The keto diet is the most talked-about and popular diet of recent times. You are guaranteed to have heard of it at least once; maybe you have even tried it. From weight loss to an overall improvement in health, the ketogenic diet has numerous benefits – making it famous worldwide.
What is the keto diet?
The ketogenic diet promotes the metabolic state of ketosis. When your body is in a ketosis state, the liver will use dietary and/or stored body fat to create energy by producing ketones. In the absence of carbohydrates and stored glycogen in your body, your body burns fat for energy. Instead of your body pumping out insulin continuously, which shuttles blood sugar (glucose) into fuel cells, you will now use fat.
The diet involves consuming Moderate-protein, high-fat, and low-carb meals throughout the day. With so many keto recipes involving dairy products, if you have lactose-intolerance or want to opt-out of consuming dairy, following a keto diet may seem challenging.
But don’t worry! We got you covered with dairy-free substitutes and why you should be considering them.
Why Should You Consider Dairy Substitutes?
If you’re following a keto -diet and not seeing any significant results, maybe it’s time to check your dairy intake. Consuming dairy products excessively, especially in a ketogenic diet, may lead to various health-related problems.
Consuming too many calories: Dairy products are easy to over-consume, especially in seasoning or dressing. Meaning you’re not creating enough calorie deficit in your body to translate into weight-loss.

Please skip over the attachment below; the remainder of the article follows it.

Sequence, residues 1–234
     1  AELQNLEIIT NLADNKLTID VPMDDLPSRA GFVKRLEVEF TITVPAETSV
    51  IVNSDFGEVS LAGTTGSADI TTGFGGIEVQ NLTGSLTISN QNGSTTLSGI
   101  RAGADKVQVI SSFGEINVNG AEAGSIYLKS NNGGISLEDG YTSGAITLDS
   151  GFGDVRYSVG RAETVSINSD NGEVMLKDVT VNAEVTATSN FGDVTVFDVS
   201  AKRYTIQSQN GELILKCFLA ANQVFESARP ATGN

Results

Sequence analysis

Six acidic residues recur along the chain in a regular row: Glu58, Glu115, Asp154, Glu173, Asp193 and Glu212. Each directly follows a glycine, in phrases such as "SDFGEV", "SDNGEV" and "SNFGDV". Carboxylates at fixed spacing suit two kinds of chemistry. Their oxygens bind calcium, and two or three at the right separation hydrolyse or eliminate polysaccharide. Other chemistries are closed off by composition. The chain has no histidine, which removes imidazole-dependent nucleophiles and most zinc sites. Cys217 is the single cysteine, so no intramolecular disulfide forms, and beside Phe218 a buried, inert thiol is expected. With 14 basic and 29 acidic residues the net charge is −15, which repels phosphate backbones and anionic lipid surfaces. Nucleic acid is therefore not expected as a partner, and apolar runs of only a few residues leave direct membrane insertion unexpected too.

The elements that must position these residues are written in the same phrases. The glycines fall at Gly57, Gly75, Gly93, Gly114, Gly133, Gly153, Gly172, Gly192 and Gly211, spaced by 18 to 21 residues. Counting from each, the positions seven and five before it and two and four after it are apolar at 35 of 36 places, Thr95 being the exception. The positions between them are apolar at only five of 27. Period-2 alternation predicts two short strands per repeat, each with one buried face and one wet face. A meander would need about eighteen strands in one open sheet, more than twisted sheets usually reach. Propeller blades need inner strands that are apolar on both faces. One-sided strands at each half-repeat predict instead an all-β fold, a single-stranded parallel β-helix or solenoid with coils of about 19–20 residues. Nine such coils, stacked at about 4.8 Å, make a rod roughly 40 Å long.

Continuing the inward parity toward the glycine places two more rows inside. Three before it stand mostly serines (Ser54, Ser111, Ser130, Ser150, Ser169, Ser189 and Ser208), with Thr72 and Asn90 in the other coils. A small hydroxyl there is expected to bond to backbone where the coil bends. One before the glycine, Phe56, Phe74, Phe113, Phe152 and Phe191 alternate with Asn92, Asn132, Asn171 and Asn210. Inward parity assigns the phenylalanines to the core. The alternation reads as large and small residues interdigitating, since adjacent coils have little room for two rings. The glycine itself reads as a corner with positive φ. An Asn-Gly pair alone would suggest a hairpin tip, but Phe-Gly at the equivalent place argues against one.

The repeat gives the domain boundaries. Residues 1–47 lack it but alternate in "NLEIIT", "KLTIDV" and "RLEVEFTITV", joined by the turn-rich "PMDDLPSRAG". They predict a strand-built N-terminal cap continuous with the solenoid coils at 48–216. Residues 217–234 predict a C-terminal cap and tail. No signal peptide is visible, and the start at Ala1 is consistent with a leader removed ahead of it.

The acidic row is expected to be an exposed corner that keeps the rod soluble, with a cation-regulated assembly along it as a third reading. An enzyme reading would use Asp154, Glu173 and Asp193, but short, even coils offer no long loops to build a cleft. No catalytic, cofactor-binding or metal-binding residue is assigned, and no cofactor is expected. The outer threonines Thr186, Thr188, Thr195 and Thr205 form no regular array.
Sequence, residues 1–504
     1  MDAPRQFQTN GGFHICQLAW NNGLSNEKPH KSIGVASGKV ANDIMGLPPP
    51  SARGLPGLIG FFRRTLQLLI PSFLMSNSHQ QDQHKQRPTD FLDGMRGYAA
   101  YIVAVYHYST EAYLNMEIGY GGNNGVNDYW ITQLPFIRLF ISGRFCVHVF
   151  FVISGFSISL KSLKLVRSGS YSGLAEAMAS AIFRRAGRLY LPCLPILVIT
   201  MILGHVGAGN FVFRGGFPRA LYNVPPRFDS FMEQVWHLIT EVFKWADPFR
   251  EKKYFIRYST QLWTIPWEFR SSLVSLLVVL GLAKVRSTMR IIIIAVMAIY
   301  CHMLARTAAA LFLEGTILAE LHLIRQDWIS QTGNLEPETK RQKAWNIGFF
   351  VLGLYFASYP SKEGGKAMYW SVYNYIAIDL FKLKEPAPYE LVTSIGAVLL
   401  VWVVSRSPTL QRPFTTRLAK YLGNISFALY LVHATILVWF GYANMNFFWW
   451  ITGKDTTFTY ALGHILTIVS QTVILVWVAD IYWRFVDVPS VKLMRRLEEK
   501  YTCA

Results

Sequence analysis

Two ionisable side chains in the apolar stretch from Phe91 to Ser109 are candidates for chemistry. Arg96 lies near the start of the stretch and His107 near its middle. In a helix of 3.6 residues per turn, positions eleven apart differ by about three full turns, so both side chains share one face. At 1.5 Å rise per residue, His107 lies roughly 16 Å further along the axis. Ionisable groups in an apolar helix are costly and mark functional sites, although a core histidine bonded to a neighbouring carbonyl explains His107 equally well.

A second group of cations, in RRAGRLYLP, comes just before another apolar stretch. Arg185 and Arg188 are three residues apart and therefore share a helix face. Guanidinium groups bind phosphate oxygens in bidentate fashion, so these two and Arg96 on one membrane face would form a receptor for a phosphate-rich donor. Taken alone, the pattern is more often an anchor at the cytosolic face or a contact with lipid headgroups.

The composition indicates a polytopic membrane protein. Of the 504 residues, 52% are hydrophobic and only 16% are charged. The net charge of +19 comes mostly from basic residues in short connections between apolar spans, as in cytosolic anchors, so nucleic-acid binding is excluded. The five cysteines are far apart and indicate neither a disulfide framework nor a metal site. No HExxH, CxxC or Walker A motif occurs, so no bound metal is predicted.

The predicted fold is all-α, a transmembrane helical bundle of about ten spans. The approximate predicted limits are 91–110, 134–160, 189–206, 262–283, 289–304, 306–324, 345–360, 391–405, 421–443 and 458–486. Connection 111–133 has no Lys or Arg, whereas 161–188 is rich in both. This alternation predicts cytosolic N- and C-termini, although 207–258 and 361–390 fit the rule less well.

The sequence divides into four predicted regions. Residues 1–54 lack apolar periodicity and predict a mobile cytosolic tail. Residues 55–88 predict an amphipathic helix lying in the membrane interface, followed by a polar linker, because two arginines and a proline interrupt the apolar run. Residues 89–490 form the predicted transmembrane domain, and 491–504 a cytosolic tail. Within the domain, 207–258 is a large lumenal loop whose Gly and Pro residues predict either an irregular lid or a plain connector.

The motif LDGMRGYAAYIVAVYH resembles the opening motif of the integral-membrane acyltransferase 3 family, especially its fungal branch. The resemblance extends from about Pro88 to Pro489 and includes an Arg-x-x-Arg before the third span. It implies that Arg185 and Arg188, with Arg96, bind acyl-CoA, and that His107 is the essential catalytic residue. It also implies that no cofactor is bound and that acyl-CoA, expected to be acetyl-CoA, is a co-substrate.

Degraded skin health: Studies show a close correlation between reactions to dairy and acne. Even though the association is insignificant, you might want to keep your dairy intake in-check if you suffer from acne. 
Higher risks of cancers: Research has linked the high-fat content and hormones in milk, cheese, and other dairy products to breast cancer.  Apart from that, higher dairy consumption has also been linked to ovarian and prostate cancer.
Other than the mentioned reasons, limiting dairy consumption might be mandatory if you have any form of dairy intolerance. Let’s dive deeper into other dairy consumption-related problems like lactose intolerance, dairy protein sensitivities, and dairy allergies.
Five Symptoms of Lactose Intolerance
Lactose intolerance  is a form of digestive distress related to lactose malabsorption. Lactose is a type of sugar found in milk produced by most mammals. Five of the most common symptoms of lactose intolerance are-
Abdominal and stomach pain are some of the most common symptoms of lactose intolerance. Our bodies can react differently to these products and cause bloating along with other stomach disorders.